1 Trillion Frames Per Second

Written by Patrick Jong Taylor

Move over Phantom Flex. There's experimental tech out there that explodes our current conception of slow motion video.

 As a regular reader of RedShark, I'm sure you're familiar with the Phantom Flex camera, which is the reigning king of slow-motion video, capable of shooting 4K resolution video at 1000 fps and HD at 2000 fps. While these specs are definitely impressive by today's standards, there is a highly experimental camera system at MIT that may change the way you think of slow motion.

A team led by Ramesh Raskar, head of the MIT Media Lab's Camera Culture research group, developed a camera prototype that images at a whopping 1 trillion frames per second. This burgeoning field of imaging research, called femto-photography, works by shooting individual packets of photons and measuring light information as it scatters.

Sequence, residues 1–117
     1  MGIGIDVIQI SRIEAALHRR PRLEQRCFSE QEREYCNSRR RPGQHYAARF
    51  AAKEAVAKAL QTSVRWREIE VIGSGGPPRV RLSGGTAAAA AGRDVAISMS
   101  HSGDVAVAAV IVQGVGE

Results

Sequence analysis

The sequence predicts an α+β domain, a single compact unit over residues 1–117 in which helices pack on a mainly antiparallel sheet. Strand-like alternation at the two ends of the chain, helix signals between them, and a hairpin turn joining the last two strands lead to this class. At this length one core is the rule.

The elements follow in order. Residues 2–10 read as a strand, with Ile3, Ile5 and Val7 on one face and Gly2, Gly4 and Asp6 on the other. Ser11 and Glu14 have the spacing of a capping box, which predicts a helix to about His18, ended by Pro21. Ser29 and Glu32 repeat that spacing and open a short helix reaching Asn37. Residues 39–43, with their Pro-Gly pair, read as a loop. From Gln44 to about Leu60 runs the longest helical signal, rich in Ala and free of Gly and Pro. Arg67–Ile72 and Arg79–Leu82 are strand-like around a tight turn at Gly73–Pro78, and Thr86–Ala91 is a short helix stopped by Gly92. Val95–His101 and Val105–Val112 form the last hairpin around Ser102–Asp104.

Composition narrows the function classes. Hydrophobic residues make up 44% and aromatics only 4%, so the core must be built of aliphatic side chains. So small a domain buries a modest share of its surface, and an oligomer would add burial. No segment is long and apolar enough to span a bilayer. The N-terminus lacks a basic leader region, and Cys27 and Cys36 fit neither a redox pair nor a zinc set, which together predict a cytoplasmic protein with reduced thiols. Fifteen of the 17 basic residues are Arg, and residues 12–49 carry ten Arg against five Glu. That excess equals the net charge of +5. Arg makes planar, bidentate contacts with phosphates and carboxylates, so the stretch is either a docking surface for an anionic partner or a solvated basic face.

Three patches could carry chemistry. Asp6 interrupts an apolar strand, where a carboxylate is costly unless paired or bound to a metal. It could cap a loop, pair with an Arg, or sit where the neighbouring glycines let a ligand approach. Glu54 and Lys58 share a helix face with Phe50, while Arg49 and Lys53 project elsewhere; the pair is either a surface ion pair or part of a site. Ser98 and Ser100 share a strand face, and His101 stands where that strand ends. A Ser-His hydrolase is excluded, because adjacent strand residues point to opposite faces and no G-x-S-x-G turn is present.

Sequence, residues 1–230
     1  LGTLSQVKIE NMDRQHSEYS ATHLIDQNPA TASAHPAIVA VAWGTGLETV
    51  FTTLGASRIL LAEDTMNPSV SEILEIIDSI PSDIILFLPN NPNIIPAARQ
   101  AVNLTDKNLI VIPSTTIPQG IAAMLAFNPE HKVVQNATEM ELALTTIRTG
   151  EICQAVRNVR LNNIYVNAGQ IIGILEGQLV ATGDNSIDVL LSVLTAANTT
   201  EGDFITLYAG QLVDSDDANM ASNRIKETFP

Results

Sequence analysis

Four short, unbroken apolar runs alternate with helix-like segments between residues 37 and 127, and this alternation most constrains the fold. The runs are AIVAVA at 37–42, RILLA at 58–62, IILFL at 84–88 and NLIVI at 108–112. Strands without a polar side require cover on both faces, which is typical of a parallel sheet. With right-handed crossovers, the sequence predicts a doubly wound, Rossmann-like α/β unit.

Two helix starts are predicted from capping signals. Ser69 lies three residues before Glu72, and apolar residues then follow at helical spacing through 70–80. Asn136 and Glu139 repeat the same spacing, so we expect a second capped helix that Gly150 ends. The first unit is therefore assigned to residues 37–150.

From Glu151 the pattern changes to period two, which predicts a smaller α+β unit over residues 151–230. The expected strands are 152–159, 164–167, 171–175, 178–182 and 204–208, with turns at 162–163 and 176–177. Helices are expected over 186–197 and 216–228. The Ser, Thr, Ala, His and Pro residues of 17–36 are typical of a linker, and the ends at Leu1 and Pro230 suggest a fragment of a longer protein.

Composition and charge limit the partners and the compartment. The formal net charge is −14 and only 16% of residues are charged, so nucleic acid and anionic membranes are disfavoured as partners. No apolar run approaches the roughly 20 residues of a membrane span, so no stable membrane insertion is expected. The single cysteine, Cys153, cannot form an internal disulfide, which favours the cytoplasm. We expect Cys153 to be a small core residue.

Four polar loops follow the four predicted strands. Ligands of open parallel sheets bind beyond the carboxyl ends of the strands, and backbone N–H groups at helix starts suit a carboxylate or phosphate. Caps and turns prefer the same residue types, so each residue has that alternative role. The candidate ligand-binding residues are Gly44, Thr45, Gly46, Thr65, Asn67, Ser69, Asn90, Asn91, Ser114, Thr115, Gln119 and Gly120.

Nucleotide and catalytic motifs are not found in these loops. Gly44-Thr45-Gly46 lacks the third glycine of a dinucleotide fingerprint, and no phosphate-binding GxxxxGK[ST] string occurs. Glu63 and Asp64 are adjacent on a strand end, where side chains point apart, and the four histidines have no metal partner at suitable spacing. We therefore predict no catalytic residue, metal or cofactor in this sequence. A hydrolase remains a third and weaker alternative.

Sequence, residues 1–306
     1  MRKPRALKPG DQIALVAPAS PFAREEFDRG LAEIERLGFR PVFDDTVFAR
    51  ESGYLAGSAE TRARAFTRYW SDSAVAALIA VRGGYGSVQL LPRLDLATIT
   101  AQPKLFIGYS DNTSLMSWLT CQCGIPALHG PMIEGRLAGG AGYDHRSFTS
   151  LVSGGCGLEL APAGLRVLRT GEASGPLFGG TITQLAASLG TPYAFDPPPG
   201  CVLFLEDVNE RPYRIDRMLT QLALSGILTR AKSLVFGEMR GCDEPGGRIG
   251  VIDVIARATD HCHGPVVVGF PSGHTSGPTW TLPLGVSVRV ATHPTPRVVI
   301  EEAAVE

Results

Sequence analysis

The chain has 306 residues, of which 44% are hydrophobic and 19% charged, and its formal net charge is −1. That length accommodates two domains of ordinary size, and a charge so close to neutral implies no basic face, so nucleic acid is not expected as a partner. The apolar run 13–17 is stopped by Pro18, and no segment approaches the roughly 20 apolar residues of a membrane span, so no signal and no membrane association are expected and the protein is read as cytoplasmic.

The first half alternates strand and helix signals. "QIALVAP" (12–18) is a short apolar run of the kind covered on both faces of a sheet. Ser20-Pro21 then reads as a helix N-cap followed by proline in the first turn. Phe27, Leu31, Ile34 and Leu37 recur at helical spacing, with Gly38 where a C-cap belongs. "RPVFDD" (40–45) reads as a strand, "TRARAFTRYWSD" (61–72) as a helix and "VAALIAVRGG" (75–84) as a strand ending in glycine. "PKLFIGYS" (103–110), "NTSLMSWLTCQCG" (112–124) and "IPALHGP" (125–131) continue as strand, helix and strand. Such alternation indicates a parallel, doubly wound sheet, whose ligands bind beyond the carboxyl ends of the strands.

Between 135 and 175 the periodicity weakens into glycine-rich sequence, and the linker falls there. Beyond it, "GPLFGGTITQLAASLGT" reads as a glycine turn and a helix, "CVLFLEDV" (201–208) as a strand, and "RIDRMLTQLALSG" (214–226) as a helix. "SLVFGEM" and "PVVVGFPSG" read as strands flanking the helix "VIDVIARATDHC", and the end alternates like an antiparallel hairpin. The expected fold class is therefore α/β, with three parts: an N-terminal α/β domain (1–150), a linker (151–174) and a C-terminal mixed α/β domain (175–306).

Magical Properties

During Rakar's TED talk, he showed video of a packet of photons "slowed down by a factor of ten-billion," hitting and spreading over a Coke bottle. While that may not sound like a big deal, he relayed that if a bullet was slowed down at the same factor, it would take an entire week to watch the video.

According to Rakar, femto-photography is "a new imaging technique so fast that you can create slow-motion videos of light in motion, and with that, you can create cameras that can look around corners, beyond line of sight, or see inside our bodies without an X-ray, and really challenge what we mean by a camera."

Considering the Future

Granted, Rakar's TED talk (and the video below) first surfaced in 2012, but as our Industry presently undergoes a wide-scale transition to 4K and higher resolution standards, it's fun to look to the technological horizon. Maybe the future isn't about higher resolution or wider aspect ratios, but a radical definition of video imaging. As Rakar says, we should "stop obsessing about the mega pixels in cameras, and start focusing on the next dimension in imaging. It's about time."

Tags: Technology

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